The playback tab splits up your speakers and headphones apart from the digital output that would go to a receiver. You can set a direct mode that forces pure audio, set the DAC audio quality, and set a few basic filters as well. The digital page also has audio quality options as well which goes up to 24 bit 196 kHz or Dolby digital live where the headphones are the main focus with 32 bit at 192 kHz being its highest setting. This changes the format setting from the windows advanced settings to save you from having to dig to it. You can also set the device as default with a click here for everything or just communications, also saving you from the windows settings.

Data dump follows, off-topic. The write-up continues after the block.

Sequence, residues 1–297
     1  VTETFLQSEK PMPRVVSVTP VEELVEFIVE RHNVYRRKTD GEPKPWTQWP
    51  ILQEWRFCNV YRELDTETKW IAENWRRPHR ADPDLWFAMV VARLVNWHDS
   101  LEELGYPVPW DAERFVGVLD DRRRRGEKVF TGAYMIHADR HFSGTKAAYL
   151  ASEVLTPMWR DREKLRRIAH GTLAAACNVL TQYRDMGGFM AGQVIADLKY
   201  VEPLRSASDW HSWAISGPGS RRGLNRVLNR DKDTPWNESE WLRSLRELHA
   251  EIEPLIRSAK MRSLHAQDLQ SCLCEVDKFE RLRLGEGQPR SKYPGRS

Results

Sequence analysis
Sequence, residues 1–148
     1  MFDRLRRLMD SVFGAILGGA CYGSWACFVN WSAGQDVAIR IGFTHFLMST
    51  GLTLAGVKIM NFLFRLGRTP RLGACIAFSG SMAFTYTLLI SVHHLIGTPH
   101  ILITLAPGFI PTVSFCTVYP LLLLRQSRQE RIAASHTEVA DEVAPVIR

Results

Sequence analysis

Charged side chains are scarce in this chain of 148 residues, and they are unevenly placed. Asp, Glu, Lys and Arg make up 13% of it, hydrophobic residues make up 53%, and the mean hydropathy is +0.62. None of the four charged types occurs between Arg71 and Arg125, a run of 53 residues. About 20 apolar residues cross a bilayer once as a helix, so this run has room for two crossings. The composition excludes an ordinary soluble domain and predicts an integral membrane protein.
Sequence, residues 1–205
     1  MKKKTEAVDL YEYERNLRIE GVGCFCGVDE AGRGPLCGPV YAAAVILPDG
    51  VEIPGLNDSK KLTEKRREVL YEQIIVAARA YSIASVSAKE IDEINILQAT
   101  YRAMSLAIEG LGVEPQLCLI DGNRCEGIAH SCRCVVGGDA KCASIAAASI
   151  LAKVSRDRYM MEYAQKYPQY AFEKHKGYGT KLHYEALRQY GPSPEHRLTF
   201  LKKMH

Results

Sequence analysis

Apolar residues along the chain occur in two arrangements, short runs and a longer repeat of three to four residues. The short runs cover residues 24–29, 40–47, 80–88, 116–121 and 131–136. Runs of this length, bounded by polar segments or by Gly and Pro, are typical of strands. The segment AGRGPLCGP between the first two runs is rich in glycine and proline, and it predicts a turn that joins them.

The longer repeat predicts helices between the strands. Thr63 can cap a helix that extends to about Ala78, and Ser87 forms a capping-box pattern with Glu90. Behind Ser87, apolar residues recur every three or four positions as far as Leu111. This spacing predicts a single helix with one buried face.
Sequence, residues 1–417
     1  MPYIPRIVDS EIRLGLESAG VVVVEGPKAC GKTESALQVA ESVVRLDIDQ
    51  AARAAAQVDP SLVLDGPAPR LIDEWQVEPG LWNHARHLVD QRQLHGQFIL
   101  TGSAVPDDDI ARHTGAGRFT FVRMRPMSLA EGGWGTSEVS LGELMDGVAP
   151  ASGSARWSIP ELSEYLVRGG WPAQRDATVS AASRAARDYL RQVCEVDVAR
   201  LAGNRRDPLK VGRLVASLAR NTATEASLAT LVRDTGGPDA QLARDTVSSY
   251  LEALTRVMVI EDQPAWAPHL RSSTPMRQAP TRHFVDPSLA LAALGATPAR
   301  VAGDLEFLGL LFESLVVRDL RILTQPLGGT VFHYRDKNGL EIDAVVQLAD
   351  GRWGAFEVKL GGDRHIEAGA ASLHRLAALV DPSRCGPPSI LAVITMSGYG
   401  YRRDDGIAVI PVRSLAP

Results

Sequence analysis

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The recording page is similar but for the microphone side of things. Here you can force this to be your windows default and also set the audio quality used. The microphone boost from windows is here as well. Then you can get into volume settings and you have a few options to change your voice sound with the voice clarity options as well as the voice morph which has options like a chipmunk, male, female, elf, etc. The back input also has a page where you can set the quality, open up volume settings, and force it to be your windows default.

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Scout mode is a single option but they give it its own page. They can make some important in game sounds like footsteps and the noise when weapons are handled can be enhanced. This when turned n lets you set a hotkey to turn it on and off. The encoder page is also another single page option  lets you turn Dolby Digital Live surround sound on or off.